Unfortunately we have lost the explicit contract of "being a service locator" here, but instead, we gained a lot of flexibility. Instead of requiring a service locator of a particular type, users can now decide for themselves how they are going to load the event listeners. For example, using the simple PHP dependency injection container Pimple:

$container = new \Pimple();

$container['expensive_event_listener'] = function () {
    return new ExpensiveEventListener();
};

$container['event_dispatcher'] = function ($container) {
    return new EventDispatcher(
        array(
            'some_rare_event' => array(
                // only provide service ids, no instances:
                'expensive_event_listener'
            )
        ),
        // this is the service locator callable:
        function ($serviceId) {
            return $container[$serviceId];
        }
    );
};

For Symfony we still have to create a simple class, because the service container is not defined at runtime, but compiled to a PHP file. This is what it might look like:

class SymfonyServiceLocator
{
    public function __construct(ContainerInterface $container)
    {
        $this->container = $container;
    }

    public function __invoke($serviceId)
    {
        return $this->container->get($serviceId);
    }
}

Using the magic __invoke() method here will turn the entire object into a callable.

And the service definitions required to make this work:

services:
    event_dispatcher:
        class: EventDispatcher
        arguments:
            # provide an array of service ids by event name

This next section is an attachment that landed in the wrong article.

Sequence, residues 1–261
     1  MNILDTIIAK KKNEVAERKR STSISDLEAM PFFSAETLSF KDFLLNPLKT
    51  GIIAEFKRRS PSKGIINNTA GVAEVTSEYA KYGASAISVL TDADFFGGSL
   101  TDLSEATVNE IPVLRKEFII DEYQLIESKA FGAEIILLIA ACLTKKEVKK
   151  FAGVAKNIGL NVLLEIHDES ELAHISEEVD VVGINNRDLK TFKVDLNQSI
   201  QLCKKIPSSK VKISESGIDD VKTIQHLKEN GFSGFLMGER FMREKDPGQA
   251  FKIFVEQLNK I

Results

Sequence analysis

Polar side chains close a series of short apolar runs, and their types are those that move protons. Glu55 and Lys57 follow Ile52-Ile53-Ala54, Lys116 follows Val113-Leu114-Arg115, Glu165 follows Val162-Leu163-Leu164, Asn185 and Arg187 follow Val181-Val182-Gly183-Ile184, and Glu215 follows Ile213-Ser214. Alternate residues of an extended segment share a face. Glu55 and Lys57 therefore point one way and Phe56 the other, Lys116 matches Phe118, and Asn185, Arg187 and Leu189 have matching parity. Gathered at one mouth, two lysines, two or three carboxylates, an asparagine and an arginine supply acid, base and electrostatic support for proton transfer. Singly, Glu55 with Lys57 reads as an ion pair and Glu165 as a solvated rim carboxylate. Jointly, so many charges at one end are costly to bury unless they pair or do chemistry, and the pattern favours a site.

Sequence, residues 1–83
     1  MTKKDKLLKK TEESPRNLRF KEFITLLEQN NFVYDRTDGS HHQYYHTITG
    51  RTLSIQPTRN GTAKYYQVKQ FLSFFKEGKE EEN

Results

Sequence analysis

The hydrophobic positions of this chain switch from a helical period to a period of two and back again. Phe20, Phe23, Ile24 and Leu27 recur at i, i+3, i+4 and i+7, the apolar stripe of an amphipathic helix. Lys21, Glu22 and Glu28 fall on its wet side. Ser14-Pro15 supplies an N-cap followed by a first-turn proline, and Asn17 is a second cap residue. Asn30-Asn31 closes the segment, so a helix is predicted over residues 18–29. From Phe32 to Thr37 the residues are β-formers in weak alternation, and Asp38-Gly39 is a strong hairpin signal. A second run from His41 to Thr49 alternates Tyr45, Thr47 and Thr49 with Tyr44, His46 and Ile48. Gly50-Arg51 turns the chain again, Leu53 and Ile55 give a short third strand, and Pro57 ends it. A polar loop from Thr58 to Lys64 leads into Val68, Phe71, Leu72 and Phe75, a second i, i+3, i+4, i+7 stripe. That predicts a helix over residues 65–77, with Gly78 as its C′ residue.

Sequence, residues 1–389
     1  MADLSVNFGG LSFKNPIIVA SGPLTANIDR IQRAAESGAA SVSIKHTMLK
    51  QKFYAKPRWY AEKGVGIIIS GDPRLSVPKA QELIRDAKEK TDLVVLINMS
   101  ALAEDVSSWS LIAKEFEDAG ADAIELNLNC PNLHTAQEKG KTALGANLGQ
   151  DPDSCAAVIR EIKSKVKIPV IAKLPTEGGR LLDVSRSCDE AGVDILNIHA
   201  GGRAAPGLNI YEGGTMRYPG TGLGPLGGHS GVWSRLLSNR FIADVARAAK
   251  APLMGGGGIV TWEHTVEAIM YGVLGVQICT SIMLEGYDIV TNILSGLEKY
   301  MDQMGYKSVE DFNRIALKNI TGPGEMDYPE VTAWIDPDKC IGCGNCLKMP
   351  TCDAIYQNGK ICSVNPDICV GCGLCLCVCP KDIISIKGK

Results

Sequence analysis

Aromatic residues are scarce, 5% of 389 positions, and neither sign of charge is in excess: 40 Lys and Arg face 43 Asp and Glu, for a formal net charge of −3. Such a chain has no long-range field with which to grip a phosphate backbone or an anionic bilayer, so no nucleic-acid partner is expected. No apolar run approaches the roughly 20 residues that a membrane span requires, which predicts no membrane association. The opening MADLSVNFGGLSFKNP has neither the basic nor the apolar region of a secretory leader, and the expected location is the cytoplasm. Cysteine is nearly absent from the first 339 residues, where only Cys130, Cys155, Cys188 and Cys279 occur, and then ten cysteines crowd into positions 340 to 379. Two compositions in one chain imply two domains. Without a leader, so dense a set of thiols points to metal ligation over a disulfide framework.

- []
            - @symfony_service_locator

    symfony_service_locator:
        class: SymfonyServiceLocator
        arguments:
            - @service_container
        public: false

By the way, I used this technique in the SimpleBus project (which provides basic implementations for using a command and/or an event bus in your application). There is an event handler esolver which uses a service locator callable to instantiate only relevant event handlers. And of course there is a service locator for Symfony.

Using a synthetic service

There is another approach which allows us to use a closure a service locator in Symfony applications. I'm not sure if it's preferable over the other approach, but you can decide.

First, we make the symfony_service_locator a "synthetic" service, meaning we can set it at runtime:

services:
    ...

    symfony_service_locator:
        synthetic: true

Now in one of our bundle's boot() method (or in the boot() method of the AppKernel method) we can just set the service locator:

class MyBundle extends Bundle
{
    public function boot()
    {
        $this->container->set(
            'symfony_service_locator',
            function ($serviceId) {
                // for PHP < 5.4 you'd have to explicitly "use" the container
                return $this->container->get($serviceId);
            }
        );
    }
}

Conclusion

I think it's the first time I implemented dependency inversion using anonymous callables like this. I like it so far, but I also think you can only do this when it is a surrogate for a very simple interface (one method, one argument). This condition drastically reduces the potential number of use cases, but I think that's a good thing. In most cases it will make much more sense to just introduce another interface, like you're used to.

One last remark

If you want your users to choose between a lazy-loading an eager-loading strategy, using callables for dependency inversion like this comes with a big advantage: you don't have to create an EagerLoadingEventDispatcher. The user only needs to provide something like an "identity service locator":

$dispatcher = new EventDispatcher(
    array(
        'some_rare_event' => array(
            // provide the actual event listener instances:
            new ExpensiveEventListener()
        )
    ),
    function ($listener) {
        // $listener is already an object so just return it!
        return $listener;
    }
);
PHP Symfony2 decoupling dependency inversion service container